Betsy Devos Gets Dragged For Failing To Answer Basic Questions About Her Job On '60 Minutes'

CAMBRIDGE, MA - SEPTEMBER 28:  Education Secretary Betsy DeVos speaks at the Harvard University John F. Kennedy Jr. Forum on "A Conversation On Empowering Parents" moderated by Paul Peterson on September 28, 2017 in Cambridge, Massachusetts.  DeVos was met by protestors both outside the venue and inside during her remarks.  (Photo by Paul Marotta/Getty Images)

Betsy Devos Gets Dragged For Failing To Answer Basic Questions About Her Job On '60 Minutes'

"I thought that interview was an episode of Drunk History but turns out she’s the Secretary of Education."

Published March 12, 2018

Education Secretary Betsy DeVos must not have learned a thing from her cringe-worthy confirmation hearing because the billionaire had trouble answering basic questions during an interview with 60 Minutes.

While answering questions from Lesley Stahl, DeVos appeared to be incapable of proving that she is qualified for the job. Some of the questions focused on sexual assaults on campuses and whether teachers should be armed. However, one moment surrounding school choice became the most tweeted clip from the interview. 

  1. Once DeVos asked why it's a good idea to cut funding from under-performing public schools

    STAHL: Why take away money from that school that's not working, to bring them up to a level where they are — that school is working?

    DEVOS: Well, we should be funding and investing in students, not in school — school buildings, not in institutions, not in systems.

    STAHL: Okay. But what about the kids who are back at the school that's not working? What about those kids?

    DEVOS: Well, in places where there have been — where there is — a lot of choice that's been introduced. Florida, for example. Studies show that when there's a large number of students that opt to go to a different school or different schools, the traditional public schools actually-- the results get better, as well.

    STAHL: Now, has that happened in Michigan? We're in Michigan. This is your home state.

    DEVOS: Yes, well, there's lots of great options and choices for students here.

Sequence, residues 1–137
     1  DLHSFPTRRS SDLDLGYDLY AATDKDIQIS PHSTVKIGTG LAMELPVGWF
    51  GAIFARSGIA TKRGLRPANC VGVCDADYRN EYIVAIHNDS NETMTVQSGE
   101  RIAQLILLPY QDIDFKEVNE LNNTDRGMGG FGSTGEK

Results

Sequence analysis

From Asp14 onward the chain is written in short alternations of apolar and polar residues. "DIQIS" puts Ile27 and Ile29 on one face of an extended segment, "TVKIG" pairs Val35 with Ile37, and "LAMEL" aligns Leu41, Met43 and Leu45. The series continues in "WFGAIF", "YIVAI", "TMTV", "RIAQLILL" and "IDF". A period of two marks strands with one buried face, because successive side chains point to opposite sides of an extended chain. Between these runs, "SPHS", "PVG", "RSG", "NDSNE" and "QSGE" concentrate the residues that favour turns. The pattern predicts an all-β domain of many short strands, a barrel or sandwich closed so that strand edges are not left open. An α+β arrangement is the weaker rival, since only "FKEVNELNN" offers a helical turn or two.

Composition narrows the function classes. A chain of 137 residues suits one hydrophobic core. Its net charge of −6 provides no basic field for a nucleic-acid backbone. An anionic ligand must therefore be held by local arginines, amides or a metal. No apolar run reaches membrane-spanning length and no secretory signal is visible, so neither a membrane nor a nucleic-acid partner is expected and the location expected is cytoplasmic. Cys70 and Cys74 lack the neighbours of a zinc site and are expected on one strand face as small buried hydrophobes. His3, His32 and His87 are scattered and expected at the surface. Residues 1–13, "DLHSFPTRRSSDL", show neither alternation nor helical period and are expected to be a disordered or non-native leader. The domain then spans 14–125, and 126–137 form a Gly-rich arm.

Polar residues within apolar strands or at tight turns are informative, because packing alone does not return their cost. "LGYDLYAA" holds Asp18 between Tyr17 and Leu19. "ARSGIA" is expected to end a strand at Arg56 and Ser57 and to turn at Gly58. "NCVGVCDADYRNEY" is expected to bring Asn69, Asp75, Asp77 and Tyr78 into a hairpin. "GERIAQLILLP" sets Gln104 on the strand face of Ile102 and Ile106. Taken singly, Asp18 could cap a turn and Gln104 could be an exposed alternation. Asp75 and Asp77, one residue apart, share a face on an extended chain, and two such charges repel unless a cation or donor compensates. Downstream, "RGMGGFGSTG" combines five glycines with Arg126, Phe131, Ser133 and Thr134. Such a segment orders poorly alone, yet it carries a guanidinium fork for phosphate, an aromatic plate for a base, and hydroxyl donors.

STAHL: Have the public schools in Michigan gotten better?

    DEVOS: I don't know. Overall, I — I can't say overall that they have all gotten better.

    STAHL: The whole state is not doing well.

    DEVOS: Well, there are certainly lots of pockets where this — the students are doing well and—

    STAHL: No, but your argument that if you take funds away that the schools will get better, is not working in Michigan, where you had a huge impact and influence over the direction of the school system here.

    DEVOS: I hesitate to talk about all schools in general because schools are made up of individual students attending them.

    STAHL: The public schools here are doing worse than they did.

    DEVOS: Michigan schools need to do better. There is no doubt about it.

    STAHL: Have you seen the really bad schools? Maybe try to figure out what they're doing?

    DEVOS: I have not — I have not — I have not intentionally visited schools that are underperforming.

    STAHL: Maybe you should.

    DEVOS: Maybe I should. Yes.

  2. DeVos inability to provide evidence of her reasoning made many fell she was inept for the job
  3. Others highlighted how Devos' failure to understand her job will be detrimental to students in underprivileged communities
  4. Quickly, the clip from the Devos "60 Minutes" interview became a running joke
  5. DeVos was trolled for doing zero preparation
  6. However, some of us tried to give her the benefit of the doubt
  7. In the end, DeVos became a universal punchline for people on Twitter

Written by Rachel Herron

(Photo: Paul Marotta/Getty Images)


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